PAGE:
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eBay Bullish On Overseas Growth

International community and global growth were the central messages yesterday at eBay's annual financial analyst conference, during which the company outlined its strategy for growth.

At the meeting, officials of the San Jose, Calif.-based online auction giant reaffirmed the company's financial goals for 2003 and 2004, and provided a long-term view of the business and its payment strategies.

The conference came just ten days after eBay released its earnings report for the third quarter. In that report, eBay declared that profits leaped to $103.3 million, or 16 cents per share, in the quarter that ended Sept. 30, for a 69 percent increase in profits and an 84 percent increase in revenue to $530.9 million.

This week, at the analyst conference, the focus was on strategy, both in the U.S. and abroad. To a crowd of a few dozen analysts, eBay President and CEO Meg Whitman highlighted key opportunities for growth, and reiterated the company's ongoing commitment to disciplined investment for the long term.

"eBay is an always will be dedicated to its community," Whitman said. "The fact that we continue to empower millions of people to thrive in an open marketplace gives me tremendous confidence in the future of business."

Whitman explained that here in the U.S., eBay will focus its business on new user acquisition, user activation, and ongoing user activity, citing category management, Web site features, online merchandising and marketing as key levers in achieving these goals. She also highlighted well-established categories such as eBay Motors, targeting this component of the company as one that she plans to grow in the coming months.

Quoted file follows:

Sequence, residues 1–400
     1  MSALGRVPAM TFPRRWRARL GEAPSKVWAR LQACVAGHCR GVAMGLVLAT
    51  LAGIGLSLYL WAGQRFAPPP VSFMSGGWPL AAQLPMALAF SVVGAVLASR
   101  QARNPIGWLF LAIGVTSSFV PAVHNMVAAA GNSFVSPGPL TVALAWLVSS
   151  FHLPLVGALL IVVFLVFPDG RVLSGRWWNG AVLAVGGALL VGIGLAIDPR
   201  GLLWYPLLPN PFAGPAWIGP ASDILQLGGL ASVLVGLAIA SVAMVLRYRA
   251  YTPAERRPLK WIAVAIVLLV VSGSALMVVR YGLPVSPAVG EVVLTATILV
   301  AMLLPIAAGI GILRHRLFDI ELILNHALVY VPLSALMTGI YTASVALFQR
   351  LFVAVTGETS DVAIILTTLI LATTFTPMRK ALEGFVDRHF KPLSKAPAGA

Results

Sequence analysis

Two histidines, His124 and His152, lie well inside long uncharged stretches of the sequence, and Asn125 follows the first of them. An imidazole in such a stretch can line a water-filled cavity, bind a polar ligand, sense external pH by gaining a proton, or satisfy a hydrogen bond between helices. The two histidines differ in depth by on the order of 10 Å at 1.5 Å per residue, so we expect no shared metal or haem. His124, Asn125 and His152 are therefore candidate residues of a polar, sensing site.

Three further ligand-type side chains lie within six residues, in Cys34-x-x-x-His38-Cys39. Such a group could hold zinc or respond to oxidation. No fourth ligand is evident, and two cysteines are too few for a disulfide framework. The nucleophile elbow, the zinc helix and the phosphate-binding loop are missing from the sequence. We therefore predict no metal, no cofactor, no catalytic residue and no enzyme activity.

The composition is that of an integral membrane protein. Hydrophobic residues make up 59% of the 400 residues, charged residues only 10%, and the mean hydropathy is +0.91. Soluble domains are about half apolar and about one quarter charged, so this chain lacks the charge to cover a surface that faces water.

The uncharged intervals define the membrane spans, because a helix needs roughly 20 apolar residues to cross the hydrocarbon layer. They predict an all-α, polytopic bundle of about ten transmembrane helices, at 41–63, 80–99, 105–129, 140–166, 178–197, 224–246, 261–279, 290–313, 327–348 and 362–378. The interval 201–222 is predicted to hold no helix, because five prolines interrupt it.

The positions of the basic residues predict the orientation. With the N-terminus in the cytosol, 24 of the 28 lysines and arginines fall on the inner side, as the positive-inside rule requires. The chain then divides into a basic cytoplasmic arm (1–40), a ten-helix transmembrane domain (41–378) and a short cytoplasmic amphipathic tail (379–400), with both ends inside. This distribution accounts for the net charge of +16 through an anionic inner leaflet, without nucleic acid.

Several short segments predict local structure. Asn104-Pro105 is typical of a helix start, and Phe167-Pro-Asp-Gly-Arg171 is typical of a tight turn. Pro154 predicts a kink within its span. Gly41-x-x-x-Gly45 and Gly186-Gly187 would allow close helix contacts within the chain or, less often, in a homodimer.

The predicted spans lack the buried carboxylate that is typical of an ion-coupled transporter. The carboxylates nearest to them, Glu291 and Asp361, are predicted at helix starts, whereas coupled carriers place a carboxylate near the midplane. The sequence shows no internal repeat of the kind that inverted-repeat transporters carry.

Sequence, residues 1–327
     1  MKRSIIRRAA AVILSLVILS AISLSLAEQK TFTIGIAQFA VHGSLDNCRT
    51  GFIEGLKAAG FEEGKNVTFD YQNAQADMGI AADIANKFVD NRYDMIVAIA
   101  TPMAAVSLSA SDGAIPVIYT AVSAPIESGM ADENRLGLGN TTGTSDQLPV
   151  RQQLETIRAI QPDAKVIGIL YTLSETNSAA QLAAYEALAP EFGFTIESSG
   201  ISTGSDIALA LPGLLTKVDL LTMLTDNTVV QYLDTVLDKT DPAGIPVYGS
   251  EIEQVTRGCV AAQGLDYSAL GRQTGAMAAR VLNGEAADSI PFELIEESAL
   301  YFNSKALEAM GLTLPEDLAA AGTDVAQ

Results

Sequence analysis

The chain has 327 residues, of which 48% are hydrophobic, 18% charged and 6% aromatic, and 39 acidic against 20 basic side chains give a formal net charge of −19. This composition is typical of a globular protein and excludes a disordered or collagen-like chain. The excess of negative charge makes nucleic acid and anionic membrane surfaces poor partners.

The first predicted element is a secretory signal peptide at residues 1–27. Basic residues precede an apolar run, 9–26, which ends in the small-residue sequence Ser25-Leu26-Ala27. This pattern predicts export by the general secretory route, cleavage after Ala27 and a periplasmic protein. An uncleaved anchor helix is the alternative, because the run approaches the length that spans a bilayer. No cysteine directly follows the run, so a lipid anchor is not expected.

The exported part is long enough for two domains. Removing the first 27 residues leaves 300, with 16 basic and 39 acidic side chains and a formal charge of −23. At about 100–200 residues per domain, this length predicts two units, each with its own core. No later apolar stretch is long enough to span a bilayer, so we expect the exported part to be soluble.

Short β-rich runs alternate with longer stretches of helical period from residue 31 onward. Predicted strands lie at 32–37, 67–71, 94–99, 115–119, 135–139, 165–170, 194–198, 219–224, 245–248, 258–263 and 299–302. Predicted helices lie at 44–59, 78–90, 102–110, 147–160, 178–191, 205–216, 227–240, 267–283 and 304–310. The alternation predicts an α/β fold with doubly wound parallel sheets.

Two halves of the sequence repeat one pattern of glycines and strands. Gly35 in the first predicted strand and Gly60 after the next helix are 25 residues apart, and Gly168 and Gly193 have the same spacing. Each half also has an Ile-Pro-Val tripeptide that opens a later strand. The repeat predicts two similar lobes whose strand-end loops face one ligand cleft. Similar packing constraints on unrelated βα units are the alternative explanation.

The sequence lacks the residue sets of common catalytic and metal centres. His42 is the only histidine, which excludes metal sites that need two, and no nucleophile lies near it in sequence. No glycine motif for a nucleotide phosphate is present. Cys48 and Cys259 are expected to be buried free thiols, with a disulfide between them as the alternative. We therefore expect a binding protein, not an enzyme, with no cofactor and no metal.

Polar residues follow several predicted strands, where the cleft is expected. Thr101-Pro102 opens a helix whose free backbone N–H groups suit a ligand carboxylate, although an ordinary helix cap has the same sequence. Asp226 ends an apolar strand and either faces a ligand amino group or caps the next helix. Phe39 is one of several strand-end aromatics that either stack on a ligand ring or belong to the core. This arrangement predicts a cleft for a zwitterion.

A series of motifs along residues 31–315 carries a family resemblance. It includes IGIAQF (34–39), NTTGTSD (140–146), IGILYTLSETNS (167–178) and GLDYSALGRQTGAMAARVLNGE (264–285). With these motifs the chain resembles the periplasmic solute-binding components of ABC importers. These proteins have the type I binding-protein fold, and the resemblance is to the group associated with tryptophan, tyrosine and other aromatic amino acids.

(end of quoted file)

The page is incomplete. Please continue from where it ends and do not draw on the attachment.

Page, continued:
Overseas, Whitman said the company plans to continue its growth in North America, Europe and Asia. She called attention to eBay Germany and eBay United Kingdom, the company's top two international Web sites, and touted the success of the European market overall, noting that over the next few years, European operations along could grow as large as the U.S. Business.

Among analysts, reaction to the forecast generally was positive, but some still were hesitant to lavish kudos on the company just yet. Gene Alvarez, vice president of technology research services at Meta Group in Stamford, Conn., said the future looks bright for eBay, but warned that the company must be careful not to alienate its European business partners as it expands.

"Globalization is the next logical path for growth, they do have to be cautious," Alvarez told internetnews. "So long as they don't make the typical mistake of thinking that the rest of the world behaves as the U.S., I think they should be able to localize their business model overseas and bring the community flavor to auction sites everywhere."

Alvarez also noted that eBay's success overseas could hinge upon how the company continues to leverage the PayPal online payment service. eBay acquired PayPal in October 2002, and since then, the service has unveiled a localized payment service in the United Kingdom. At the conference, Whitman said she expects to grow PayPal services across eBay's other international Web sites, and to champion further penetration of PayPal transactions on eBay in the U.S.